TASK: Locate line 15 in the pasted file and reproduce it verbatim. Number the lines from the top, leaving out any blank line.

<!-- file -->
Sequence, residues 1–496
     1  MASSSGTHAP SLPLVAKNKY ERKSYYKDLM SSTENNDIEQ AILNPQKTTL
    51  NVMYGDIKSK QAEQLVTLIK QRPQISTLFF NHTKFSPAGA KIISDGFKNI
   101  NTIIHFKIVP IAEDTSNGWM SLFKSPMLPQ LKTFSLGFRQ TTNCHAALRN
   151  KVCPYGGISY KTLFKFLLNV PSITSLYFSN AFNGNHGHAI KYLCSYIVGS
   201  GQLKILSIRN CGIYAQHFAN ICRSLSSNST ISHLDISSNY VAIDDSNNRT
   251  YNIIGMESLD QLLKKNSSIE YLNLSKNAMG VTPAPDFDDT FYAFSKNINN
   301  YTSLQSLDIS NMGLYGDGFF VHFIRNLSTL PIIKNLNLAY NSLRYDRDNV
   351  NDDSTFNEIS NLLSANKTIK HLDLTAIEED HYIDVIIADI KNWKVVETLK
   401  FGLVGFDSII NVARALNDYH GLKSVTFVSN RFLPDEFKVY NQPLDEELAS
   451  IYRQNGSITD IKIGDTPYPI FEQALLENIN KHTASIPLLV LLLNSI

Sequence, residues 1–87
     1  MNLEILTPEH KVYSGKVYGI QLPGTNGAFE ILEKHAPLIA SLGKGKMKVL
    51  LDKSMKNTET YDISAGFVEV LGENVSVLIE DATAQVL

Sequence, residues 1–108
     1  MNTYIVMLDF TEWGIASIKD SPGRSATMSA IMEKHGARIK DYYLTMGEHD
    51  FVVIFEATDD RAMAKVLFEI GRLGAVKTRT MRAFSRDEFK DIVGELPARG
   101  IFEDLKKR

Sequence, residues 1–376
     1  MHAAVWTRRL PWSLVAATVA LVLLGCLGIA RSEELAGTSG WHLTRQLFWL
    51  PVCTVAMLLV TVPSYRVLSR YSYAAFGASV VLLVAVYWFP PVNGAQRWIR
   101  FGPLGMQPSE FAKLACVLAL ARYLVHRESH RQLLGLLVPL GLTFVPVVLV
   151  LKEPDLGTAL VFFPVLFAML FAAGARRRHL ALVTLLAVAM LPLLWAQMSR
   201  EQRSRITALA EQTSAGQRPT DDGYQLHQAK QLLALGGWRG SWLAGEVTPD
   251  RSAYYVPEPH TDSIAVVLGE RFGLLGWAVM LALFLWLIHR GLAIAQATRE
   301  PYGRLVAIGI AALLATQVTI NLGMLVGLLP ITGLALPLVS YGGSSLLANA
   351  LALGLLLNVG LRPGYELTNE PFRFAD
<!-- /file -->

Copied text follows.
Sequence, residues 1–108